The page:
Stay up to date on our entrepreneurs, events, research and more. Check out our September newsletter here.
By Alex Pirouz (reprinted from Under30CEO).
Co-Founder Janine Allis started Boost Juice in her garage in 2000 out of frustration that she could not find healthy takeaway products for her three children.
Since starting their first store in Adelaide back in year 2000, 11 years later Boost Juice now boasts more than 180 outlets in Australia and 50 overseas (mainly in Britain, Singapore and South Africa). Boost was ranked seventh on BRW‘s list of fastest growing businesses in 2010 and Ms Allis is said to be worth $36 million on the magazine’s Young Rich List.
We spoke with Janine regarding the importance of work culture and how that has attributed to the success of what is now the largest juice and smoothie bar in the southern hemisphere.
Janine, you attribute the success of your business to the fresh, young and dynamic culture that pervades all aspects of the company. Why is that?
The success of every business is based on the quality of people who are hired, that have the right attitude and on the path that you want them to be on. If you haven’t got the right culture or working environment you won’t attract the right people.
When creating a compelling culture at work, what’s most important?
Working with integrity and honesty is the top two most important things when it comes to building a culture.
Do you have a specific formula, criteria or approach when designing a culture?
I think it is just intuitive given that the culture is a moving target all the time. As you know when you work with people you like it’s a lot more enjoyable so we try and find people who are best suited to work with each other to make work that much more enjoyable.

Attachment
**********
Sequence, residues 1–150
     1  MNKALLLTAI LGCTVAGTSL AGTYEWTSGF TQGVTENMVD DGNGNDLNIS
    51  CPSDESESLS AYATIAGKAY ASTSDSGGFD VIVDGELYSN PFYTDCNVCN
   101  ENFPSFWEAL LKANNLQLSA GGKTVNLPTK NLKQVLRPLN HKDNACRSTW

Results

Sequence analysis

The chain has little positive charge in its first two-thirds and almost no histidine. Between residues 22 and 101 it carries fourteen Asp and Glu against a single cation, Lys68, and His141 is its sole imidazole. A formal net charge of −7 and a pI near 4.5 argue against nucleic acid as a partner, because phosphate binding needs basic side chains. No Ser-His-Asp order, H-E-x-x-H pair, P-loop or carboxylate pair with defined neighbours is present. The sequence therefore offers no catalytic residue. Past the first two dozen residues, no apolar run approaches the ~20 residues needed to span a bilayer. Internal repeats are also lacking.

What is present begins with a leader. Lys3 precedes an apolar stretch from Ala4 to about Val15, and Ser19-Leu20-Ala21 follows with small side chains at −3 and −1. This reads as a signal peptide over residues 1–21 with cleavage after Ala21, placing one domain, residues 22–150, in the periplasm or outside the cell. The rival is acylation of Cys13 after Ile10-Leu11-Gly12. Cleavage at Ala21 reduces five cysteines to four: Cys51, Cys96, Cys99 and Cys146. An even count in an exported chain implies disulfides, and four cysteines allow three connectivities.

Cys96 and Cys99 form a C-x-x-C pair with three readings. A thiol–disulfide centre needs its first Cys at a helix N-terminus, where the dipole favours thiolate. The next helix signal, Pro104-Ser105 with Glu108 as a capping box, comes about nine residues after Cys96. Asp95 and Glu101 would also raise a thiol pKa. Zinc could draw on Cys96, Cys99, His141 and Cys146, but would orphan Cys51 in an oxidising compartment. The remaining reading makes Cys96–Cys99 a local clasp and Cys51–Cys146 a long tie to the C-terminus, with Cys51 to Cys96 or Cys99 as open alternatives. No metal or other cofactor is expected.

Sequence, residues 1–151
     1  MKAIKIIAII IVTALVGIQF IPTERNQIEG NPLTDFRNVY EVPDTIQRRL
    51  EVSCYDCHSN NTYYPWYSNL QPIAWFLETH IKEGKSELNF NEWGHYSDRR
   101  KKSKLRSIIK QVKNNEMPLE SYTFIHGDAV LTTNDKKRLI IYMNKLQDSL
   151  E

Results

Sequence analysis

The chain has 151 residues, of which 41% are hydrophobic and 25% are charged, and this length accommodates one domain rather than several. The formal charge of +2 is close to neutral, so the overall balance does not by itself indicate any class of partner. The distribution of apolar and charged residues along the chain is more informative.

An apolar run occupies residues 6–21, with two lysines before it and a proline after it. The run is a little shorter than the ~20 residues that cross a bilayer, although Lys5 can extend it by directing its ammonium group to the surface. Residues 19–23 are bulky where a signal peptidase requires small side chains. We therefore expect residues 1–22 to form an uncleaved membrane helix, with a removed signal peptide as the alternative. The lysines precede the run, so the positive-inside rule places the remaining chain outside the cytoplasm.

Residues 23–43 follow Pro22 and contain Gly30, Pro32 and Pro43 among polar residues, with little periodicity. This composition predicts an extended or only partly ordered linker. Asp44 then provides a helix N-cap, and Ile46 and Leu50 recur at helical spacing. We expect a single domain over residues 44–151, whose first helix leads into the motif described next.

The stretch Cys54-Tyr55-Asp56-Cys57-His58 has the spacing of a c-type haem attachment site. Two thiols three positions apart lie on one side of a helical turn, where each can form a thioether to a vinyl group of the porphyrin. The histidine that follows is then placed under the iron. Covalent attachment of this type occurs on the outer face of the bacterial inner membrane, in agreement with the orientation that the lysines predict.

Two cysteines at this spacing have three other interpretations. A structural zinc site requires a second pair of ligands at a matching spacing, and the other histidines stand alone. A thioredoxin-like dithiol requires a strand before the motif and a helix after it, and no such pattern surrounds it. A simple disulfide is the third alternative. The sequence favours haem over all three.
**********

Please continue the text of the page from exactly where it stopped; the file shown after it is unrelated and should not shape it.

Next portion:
What were some of the challenges you faced in creating such a compelling culture and how did you overcome them?
Oh, we face challenges all the time and the main challenge we find is that if you hire the wrong person in your business they can quickly bring down the culture of the business to the ground, and it’s about recognizing it as quickly as possible and if you can recognize it fix it ASAP.
How do you evaluate if a new candidate you are looking to employ is a good fit for the culture of your organization?
Intuitively you can get a good feeling whether or not they are right for the position. How they answer questions, what they say, recommendations and attitude. We hire on attitude not skill, unless you are applying for a position that requires a certain skill like an accountant or lawyer.
How do you determine if an employee you have hired is no longer a good fit for your company?
In business you need to be very clear on your expectations and all that starts with yourself. We set the expectations from the start, then we work with them to meet it and if they don’t we sit down and figure out why.
Do you recommend companies have an ongoing assessment, maybe once every 6 months or so to evaluate their current culture at work?
I think that every single company out there needs to have a very strong communication strategy. This communication needs to be in written form and for people to know clearly that it exists and that it needs to be followed. I think communication is extremely important.
How do you maintain and uphold a culture once you have developed it?
Treating people with respect, rewarding them and giving them a salary that is appropriate is how you maintain a culture. Have a bit of a laugh and make things fun.
What are some things that can damage or harm cultures at work?
The biggest thing that can kill the culture at work is getting the wrong CEO in the business. By getting the wrong management, you kill the culture of any company.
How do you replace an existing work culture with a new one?
You change the CEO and leadership team because it all starts with them. The CEO hires the managers and the managers then hire the staff so you work your way from the top to the bottom of the chain.
© 2017 Endeavor Global, Inc.
All Rights Reserved
Endeavor Global, Inc.
900 Broadway, Suite 301
New York, NY 10003
1 (212) 352-3200
Site by #BRITEWEB